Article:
By Brian Saur
This one was another I'd had on the back of my brain due to an old video coworker recommend. I had been meaning to watch it for some time and even owned the DVD for a year or two, but it took far too long to actually get around to it. THE BLUE MAX is a remarkably exciting film with excellent dogfighting sequences. It is truly the TOP GUN of its day and I'm surprised it is not often mentioned in the same sentence as that film or any of the other great air-warfare films of all-time. It is of course a much much darker portrait of the tragedy of war and the death therein than TOP GUN would ever think of being.
This movie has much more on its mind. It's more an anti-war film epic than a piece of popcorn entertainment. George Peppard's portrayal here is among his very best and he brings a great pathos to the proceedings, while playing a character that is quite flawed to say the least.
His character, a German soldier having come literally from the trenches to being a pilot, gives him a whole different perspective on the loss of life on either side. There is a certain antiquated gentlemenly attitude and chivalry that pervades the squadron where Peppard has been assigned. Peppard's character sees it flying in the face of the horrors of war he has witnessed previously and much conflict arises from this clash of ideologies.
James Mason rounds out the cast nicely here as well. And Ursella Andress is welcome in any film I happen to be watching. Additionally, Jerry Goldsmith provides a wonderful, rousing and majestic score that really brings the movie up to another level (the film even features an old-school intermission which gives a lovely platform for the music). Theres something quite gloriously cinematic about watching these aerial battle scenes amidst the roar of the plane's engines and their machine guns with Goldsmith's melodies accompanying.
I had been wanting to see this film ever since screenwriter extraordinaire Larry Karaszewski made me aware of it via one of his informative Trailers From Hell commentaries.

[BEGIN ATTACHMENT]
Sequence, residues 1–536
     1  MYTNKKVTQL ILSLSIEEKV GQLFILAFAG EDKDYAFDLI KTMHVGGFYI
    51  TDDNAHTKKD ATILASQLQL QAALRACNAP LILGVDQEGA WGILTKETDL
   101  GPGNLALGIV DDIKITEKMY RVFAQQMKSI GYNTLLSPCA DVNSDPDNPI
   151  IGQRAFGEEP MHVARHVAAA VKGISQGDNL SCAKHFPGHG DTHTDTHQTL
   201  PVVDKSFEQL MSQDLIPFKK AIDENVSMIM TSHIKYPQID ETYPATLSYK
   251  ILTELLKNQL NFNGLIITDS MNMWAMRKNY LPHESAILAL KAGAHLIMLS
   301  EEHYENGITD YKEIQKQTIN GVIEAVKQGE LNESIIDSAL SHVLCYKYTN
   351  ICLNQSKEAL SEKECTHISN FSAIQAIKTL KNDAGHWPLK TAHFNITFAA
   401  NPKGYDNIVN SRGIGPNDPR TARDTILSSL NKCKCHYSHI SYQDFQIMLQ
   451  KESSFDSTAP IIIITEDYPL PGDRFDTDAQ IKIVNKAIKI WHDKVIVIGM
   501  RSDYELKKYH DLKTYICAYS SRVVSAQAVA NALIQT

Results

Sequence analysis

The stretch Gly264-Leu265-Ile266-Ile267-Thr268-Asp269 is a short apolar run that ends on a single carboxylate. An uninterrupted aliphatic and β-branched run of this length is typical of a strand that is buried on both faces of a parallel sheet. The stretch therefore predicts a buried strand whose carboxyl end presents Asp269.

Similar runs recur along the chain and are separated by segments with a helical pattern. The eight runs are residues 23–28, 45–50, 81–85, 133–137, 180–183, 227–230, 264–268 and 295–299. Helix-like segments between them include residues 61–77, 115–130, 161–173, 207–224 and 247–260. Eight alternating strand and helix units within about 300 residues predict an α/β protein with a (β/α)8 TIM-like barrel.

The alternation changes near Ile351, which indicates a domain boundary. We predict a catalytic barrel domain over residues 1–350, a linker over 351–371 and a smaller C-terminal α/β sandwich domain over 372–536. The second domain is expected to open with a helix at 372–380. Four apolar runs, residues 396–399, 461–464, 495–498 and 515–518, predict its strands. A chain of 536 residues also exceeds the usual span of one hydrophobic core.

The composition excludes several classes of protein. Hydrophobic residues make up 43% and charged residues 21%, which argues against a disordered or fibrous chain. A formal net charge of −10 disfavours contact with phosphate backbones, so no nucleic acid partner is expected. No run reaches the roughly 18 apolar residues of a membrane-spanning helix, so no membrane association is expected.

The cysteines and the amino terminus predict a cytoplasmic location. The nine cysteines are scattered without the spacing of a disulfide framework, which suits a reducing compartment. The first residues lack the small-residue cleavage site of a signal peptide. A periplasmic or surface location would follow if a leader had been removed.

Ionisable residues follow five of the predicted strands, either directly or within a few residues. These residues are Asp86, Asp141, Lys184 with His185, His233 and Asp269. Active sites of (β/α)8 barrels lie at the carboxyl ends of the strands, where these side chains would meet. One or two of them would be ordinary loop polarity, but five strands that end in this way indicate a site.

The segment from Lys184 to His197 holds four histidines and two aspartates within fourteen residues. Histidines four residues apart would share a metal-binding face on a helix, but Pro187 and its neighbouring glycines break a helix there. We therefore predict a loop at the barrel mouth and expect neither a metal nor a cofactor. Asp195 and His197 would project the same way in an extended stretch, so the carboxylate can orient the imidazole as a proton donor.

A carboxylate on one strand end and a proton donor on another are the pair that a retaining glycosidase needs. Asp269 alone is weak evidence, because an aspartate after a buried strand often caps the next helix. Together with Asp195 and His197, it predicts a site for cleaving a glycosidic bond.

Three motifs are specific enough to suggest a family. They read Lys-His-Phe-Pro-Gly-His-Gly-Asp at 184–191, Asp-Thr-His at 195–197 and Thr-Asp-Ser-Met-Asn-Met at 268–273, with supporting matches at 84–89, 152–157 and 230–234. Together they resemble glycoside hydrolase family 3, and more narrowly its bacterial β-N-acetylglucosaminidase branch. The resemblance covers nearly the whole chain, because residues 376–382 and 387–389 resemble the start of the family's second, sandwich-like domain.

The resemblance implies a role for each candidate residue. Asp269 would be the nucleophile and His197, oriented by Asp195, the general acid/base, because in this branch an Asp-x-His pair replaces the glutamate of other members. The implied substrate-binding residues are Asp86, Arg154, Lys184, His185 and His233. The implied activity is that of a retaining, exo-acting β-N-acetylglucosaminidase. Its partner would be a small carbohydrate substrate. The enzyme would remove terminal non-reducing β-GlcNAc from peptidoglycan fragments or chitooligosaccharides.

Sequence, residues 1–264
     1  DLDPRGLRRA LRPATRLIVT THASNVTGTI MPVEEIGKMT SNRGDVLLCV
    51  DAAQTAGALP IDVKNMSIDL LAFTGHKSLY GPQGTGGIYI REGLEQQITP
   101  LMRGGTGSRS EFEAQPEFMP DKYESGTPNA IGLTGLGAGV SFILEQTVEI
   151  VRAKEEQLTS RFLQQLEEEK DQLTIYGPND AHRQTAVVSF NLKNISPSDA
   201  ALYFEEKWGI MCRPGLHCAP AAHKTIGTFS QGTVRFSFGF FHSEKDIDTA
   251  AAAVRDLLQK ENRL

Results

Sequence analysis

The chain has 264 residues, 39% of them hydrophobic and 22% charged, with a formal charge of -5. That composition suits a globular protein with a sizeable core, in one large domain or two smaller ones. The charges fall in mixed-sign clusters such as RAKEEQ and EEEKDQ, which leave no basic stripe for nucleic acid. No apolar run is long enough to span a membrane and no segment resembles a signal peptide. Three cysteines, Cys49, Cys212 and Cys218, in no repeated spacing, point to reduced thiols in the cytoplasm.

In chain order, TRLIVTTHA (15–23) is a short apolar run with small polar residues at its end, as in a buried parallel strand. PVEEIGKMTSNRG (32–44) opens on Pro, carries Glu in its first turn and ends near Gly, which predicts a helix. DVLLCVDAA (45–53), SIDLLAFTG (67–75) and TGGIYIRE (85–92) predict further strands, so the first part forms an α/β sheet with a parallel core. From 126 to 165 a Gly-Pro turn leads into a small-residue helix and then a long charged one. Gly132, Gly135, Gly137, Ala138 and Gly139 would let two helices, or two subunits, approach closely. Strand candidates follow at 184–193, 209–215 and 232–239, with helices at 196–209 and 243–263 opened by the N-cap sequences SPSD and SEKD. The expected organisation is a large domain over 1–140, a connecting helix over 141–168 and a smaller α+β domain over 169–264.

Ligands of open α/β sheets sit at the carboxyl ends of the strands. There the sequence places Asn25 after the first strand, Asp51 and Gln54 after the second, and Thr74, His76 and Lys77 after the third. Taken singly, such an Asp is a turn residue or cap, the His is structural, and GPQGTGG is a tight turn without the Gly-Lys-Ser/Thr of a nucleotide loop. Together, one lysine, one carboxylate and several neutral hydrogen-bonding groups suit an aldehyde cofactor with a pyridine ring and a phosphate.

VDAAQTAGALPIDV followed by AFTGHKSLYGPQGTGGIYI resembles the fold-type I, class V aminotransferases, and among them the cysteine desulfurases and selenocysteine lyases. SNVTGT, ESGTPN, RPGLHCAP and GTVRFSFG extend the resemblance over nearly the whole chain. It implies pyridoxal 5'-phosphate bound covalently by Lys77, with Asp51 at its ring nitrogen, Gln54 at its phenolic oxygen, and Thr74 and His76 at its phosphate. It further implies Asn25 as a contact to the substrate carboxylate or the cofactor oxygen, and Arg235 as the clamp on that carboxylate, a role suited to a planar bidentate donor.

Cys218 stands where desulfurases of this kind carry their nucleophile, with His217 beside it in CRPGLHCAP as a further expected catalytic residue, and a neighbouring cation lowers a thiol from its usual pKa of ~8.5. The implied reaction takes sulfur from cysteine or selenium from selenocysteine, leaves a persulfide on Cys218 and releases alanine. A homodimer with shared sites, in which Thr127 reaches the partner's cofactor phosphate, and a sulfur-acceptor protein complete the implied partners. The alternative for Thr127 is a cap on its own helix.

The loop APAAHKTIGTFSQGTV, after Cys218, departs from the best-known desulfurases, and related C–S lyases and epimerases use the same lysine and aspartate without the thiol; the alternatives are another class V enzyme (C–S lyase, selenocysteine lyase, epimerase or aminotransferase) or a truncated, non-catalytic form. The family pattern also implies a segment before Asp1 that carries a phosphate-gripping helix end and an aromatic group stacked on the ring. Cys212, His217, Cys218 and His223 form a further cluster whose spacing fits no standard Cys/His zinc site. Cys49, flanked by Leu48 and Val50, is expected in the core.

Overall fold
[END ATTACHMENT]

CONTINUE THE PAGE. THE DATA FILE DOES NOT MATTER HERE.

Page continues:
There were a bunch of things about the movie that caught my interest. First, the cast. James Coburn, Aldo Ray, Carroll O'Connor, Harry Morgan, and Dick Shawn. Good group and especially around 1966, James Coburn was firing on all the cylinders of his Coburn-ness. Aldo Ray is also awesome and sadly underrated by many it seems. This movie also has a screenplay by William Peter Blatty (yes THAT one) and is produced and directed by Blake Edwards, who was also running through a strong period in his career around this time. Most Blake Edwards movies are pretty well known, especially among cinephiles, but this one gets talked about the least of most of them.
There are several things you should know about this movie from the outset. First, the cast includes Paul Newman, Fredric March, Cameron Mitchell, Richard Boone, Martin Balsam, and Barbara Rush. Second, it was directed by the great Martin Ritt and was shot by the equally great James Wong Howe. Third, it's based on an Elmore Leonard novel. That's a whole lot this movie has going for it right up front right? It was certainly enough to sell me on checking it out. I wasn’t disappointed either. Martin Ritt is a great Director Of drama for sure and there’s plenty of that here, but the best part is the tension. Not to spoil too much, but this ends up as kind of a standoff movie towards the back half and the suspense surrounding that stuff is very well played.
I love Burt Kennedy and especially the work he did with Budd Boetticher for all those amazing Randolph Scott westerns. Those are truly some of my favorite movies. This film, while not quite on par with those, has a similar spirit and an excellent cast. The story is of an aging marshal (Robert Mitchum), who is getting ready to retire, gets wind that one of his old criminal nemesis-types (George Kennedy) is nearby and planning a robbery. The marshal makes efforts to cut this plan off at the knees, but he makes an interesting discovery and a new friend in the process. The rest of cast includes Martin Balsam, David Carradine, Tina Louise, John Carradine, Marie Windsor and Kathleen Freeman. It's a good western tale well told by Kennedy. I saw this as part of a Burt Kennedy marathon on TCM when I was laid up in the hospital for a few days last year and it was just the ticket.
As Ozu is want to do, this is something of a reworking of one of his earlier films (LATE SPRING) with a little gender reversal. LATE SPRING is probably my favorite Ozu film (and is among my favorite films of all-time) so I'm totally a sucker for something like this. What's interesting is that I loved both these films even before I was a parent myself, so in my subsequent viewings over the past decade (since my own children came along) - they have become even more emotionally impactful and I only expect those feelings to increase as I get older.
Brian Saur is a podcaster and blogger from Los Angeles that specializes in cult and classic films. He is co-host of the Pure Cinema Podcast and also produces and hosts another show called Just the Discs, which focuses on Blu-rays. He has run the Rupert Pupkin Speaks website since its inception in 2009 and continues to highlight obscure cinematic gems there on a regular basis. Follow him on Twitter (@bobfreelander, @justthediscspod, @purecinemapod), Facebook, or Instagram for more film recommendations.